.

Community Leaders Explore Clayton Valley Charter Option

Members of the community are considering having Clayton Valley High break away from the Mt. Diablo Unified School District and become a charter school.

Community members are in preliminary discussions about turning Clayton Valley High into a charter school.

Since early March, parents, teachers, school administration and elected officials, — including Clayton Mayor David Shuey and Concord Mayor Laura Hoffmeister — have been discussing the possibility of transitioning Clayton Valley from a public school into a charter school.

"There's a lot of reasons, but the simple answer is finances," said Alison Bacigalupo, Clayton Valley Parent Faculty Club president, who says she is working on the charter effort as an individual, not as a PFC leader. "The state cuts this year and next are going to be much steeper than we originally thought and we are already in dire straits. As a charter school, we would get a higher (average daily attendance) rate."

A closed-door meeting between people interested in making Clayton Valley a charter and Mt. Diablo Unified School District Superintendent Steven Lawrence is scheduled for Monday.

For Clayton Valley to become a charter school, it would need a majority of CVHS teachers to approve the charter and also approval from MDUSD. If the school district doesn't grant approval, their decision can be appealed at the county and state levels, according to Bacigalupo.

If CVHS became a charter, it would be a conversion charter, the type of school created when an existing public school goes charter. CVHS would no longer be part of MDUSD and instead would follow its own guidelines (or "charter").

Like all charter schools, CVHS would still be a public school, receiving taxpayer money for funding. At some charter schools, enrollment is determined by a lottery, but students currently living in CVHS's attendance area could be enrolled in the school if they choose, Bacigalupo said.

The conversion charter school model is increasingly popular. In the Los Angeles Unified School District, 23 schools have converted to charter status with two more in the process.

School districts generally tend to resist charters because California districts receive money based on student enrollment.

Bacigalupo says she wants the charter school discussion to be transparent and plans to hold open forums with the community.

Mayor Shuey, a father of five, is taking a close look at the CVHS charter conversion and will be part of the group meeting with superintendent Lawrence on Monday.

"There should be a Q&A with the public where all the pros and cons can be discussed," Shuey said.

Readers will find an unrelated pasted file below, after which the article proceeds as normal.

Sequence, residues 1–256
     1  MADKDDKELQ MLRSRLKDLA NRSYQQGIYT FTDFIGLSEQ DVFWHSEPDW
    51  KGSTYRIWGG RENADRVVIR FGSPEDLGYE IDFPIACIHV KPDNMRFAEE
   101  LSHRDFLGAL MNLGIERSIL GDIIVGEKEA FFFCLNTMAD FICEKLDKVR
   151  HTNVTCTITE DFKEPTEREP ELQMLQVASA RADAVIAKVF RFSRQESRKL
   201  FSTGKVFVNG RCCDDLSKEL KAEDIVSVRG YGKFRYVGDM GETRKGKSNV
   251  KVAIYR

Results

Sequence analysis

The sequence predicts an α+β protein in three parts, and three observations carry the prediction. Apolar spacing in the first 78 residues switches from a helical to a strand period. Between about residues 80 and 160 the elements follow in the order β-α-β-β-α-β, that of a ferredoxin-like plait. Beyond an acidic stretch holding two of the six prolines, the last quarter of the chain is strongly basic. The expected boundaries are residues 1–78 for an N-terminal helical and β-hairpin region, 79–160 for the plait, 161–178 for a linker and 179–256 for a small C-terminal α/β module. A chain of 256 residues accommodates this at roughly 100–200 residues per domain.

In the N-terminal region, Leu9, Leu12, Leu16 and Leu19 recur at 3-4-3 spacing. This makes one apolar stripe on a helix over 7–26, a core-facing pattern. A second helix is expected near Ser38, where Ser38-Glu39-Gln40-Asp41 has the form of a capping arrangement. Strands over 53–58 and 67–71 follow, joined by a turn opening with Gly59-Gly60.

"As a father and mayor, I'm very intrigued by it," he said.

Clayton Valley principal Gary Swanson declined to comment for this story and a call to Lawrence at the district office was not immediately returned.

Peggy Spear April 10, 2011 at 03:01 AM
anonamom: It is curious that the Concord City Council took no stand when dealing with the school closures issue -- even just an advisory vote that not all the schools be in Concord, or something like that. Now, the mayor of Concord is exploring a charter issue. I don't believe in this separation of city/school district. They are interwoven so closely both entities must be involved in the decisions of both.
Linda April 10, 2011 at 07:16 AM
There should not be a division. I agree they should be involved in both decisions. Growth Within Bounds recommends aligning school districts with City boundaries for this very reason and numerous others.
terry walton smith April 11, 2011 at 04:03 AM
My son is in the engineering academy,and not in the CVHS boundaries would he be forced to leave his school he loves so much?
Jim April 12, 2011 at 03:43 PM
A terrific option to explore for Clayton Valley High. (Northgate HS parents take note!) And keeping things open and transparent is a good policy to follow.
Karen August 10, 2011 at 05:49 AM
Terry, The teachers who started the charter idea have stated that existing students who want to stay will stay. There will be a lottery for new students.

Boards

More »
Got a question? Something on your mind? Talk to your community, directly.
Note Article
Just a short thought to get the word out quickly about anything in your neighborhood.
Share something with your neighbors.What's on your mind?What's on your mind?Make an announcement, speak your mind, or sell somethingPost something
See more »